Water features burble. The world's sharpest knives glitter. Light fixtures glow. Ceiling fans spin. Air filters filter. Rare coffees scent. Pitchmen tout. Experts lecture. Plants grow. Massagers vibrate. Hammocks swing. Dips and soups taste. Temptations abound.
By the end, our totes sagged with other tote bags, ball point pens, wine bottle openers, magnets and magnetic clips, filter samples (each imprinted with local business logos), local honey, Texas pressed olive oil, granite cleaners, pet odor treatments, organic corn chips, dipping bread, soup and muffin and dip mixes. Don't even begin to count the business cards and flyers.
'Thanks for going with me,' she said with a smile filled with gratitude. 'It was a lot more fun with you going. Really.'
Yeah, really. She figures that my going made it easier to pry funds from the savings account. I don't let her know it but I really do feel that it's her money too – that it's her house too. I figure she'll not give me too much trouble when my vacation just happens to begin the day the workmen start destroying the house.
Writing is hard 2/11/14
Hi ho, hi ho, it's off to work I go.
A work in progress just so you may know.
The thing just refuses to write itself.
Won't just let me leave it sit on the shelf...
I am so not a poet.
And, as a general rule I avoid trying to write about writing. My shelves groan from the weight of writers writing about just that. From Aristotle, to Twain, to John Gardner, to Robert Graves, to Joseph Conrad, their tomes read and reread. Combine that with the several years Writer and Writer's Digest stacked on my floor. People much better than I with something substantial to offer that I can't add to.
It's been years since I've read anything really new about good writing and writing well. I can turn a phrase or re-spin a strategy but it's all told elsewhere and often told better.
I admit to a brave new world. Twitter, blogging, website, none of these existed when I traded in my Corona for my first computer. God bless the 'backspace' key! Hell, my first typewriter had no electrical cord dangling from its bottom. And, until recently, I transcribed first drafts of smeared ink onto blank paper or a blank screen.
I admit to new things coming out about writing for these venues. But, these are about effective use of one's voice in these venues. It is not about good writing and what good writing is – or is not.
To me, the essence of good writing is good talking. It's rhetoric. Go to Aristotle. Go to the Roman orators. Follow that trail forward to learn how to effect readers through language.
Comb through my years of writer's magazines. Find something new about writing sentences or paragraphs. Find something new about plotting. Find something new about form or persuasion. I dare you.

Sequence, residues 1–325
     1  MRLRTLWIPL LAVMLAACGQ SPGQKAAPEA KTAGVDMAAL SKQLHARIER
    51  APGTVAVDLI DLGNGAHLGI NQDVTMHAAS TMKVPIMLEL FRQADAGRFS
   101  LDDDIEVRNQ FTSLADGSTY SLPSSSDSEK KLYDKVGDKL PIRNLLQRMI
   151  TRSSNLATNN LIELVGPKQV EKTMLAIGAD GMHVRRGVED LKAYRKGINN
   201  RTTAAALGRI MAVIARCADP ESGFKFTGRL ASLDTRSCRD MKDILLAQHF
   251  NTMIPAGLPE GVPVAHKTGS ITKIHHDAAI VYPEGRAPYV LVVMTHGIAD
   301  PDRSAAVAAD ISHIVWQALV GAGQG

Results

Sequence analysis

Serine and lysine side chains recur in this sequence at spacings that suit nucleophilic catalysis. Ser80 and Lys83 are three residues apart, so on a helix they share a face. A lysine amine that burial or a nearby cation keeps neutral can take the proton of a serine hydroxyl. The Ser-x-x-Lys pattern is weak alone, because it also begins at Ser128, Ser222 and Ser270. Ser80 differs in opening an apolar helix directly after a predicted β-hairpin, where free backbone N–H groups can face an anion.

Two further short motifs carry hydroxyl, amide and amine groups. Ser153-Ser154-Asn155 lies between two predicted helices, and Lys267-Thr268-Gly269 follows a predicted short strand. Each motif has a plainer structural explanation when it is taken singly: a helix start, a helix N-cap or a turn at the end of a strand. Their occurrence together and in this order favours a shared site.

Writing is hard. That's what I have to say about writing. Writing is something I imagine is like war. The writer suffers endless bouts of boredom followed by gut-wrenching, paranoid, terrified worry. The writer suffers the loneliness only artists and castaways may know. The writer waits the judgment of strangers as the condemned waits for the gallows. Not like the condemned, however, he suffers to live haunted by those judgments while the next WIP gestates.
Poor writer. Boohoo. This is the payment for those instant long lightning flashes, those blissful orgasms of creation.
I cannot stop though. I'm a junkie. Quitting Marlboro Longs, quitting meth, was easier. Those stories. Those characters. Requited love, pure and complete, keeps me at it. Those dreams in the night, those created people, they whisper sweetly to me as I lay beneath the covers. So much truer, so much fuller than real life.
Writing is hard. I cannot stop.
Is there anything...? 2/4/14
"I'm so sorry for your loss. If there is anything I can do..." I found myself saying before I could stop it.
There is nothing I can do. I know that. I knew it before I said it. I knew it because I listened to that statement in no less than four funerals in the last two months. Funerals of family and of close friends all. A statement made to me by close and caring friends and relatives made with the best of intentions. I heard it said and said it myself in each and every funeral I've ever attended.
I've said it and I meant it. I said it to people I know and love. I said it because I would do anything to ease their pain, their sadness. I would do anything to make their day and their future days easier. Anything.
Once someone said that to a friend of mine. She blew a gasket and the poor soul that made the offer was treated to a long, loud, and ugly rant. Nothing, it seemed, anyone could do that would help ease the pain of loss for that poor woman. And, she was tired of hearing from anyone that thought they could do something about it.